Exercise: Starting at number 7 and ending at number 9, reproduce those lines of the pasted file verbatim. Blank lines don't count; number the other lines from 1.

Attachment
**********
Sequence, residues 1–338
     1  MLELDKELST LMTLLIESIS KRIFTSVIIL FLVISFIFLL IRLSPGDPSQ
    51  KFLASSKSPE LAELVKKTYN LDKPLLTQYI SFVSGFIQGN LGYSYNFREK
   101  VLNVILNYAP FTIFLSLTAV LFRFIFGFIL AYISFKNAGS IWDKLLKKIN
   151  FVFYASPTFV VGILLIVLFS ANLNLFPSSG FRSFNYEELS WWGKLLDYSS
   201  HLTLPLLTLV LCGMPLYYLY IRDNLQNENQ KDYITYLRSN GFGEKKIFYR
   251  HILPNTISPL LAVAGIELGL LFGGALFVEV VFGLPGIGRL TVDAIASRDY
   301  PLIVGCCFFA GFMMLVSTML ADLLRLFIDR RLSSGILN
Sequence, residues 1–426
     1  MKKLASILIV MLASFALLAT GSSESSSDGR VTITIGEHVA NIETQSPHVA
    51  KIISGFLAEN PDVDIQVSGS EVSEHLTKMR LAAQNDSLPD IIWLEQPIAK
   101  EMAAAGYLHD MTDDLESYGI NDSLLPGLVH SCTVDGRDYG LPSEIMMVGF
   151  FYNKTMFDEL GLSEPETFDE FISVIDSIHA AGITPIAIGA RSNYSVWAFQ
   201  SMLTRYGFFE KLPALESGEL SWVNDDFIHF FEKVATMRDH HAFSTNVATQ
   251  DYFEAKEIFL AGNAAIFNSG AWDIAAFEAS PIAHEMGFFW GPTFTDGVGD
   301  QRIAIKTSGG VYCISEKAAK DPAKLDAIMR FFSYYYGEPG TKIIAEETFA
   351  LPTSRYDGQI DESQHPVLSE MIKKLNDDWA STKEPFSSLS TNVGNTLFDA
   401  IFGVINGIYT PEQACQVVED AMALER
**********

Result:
   251  HILPNTISPL LAVAGIELGL LFGGALFVEV VFGLPGIGRL TVDAIASRDY
   301  PLIVGCCFFA GFMMLVSTML ADLLRLFIDR RLSSGILN
Sequence, residues 1–426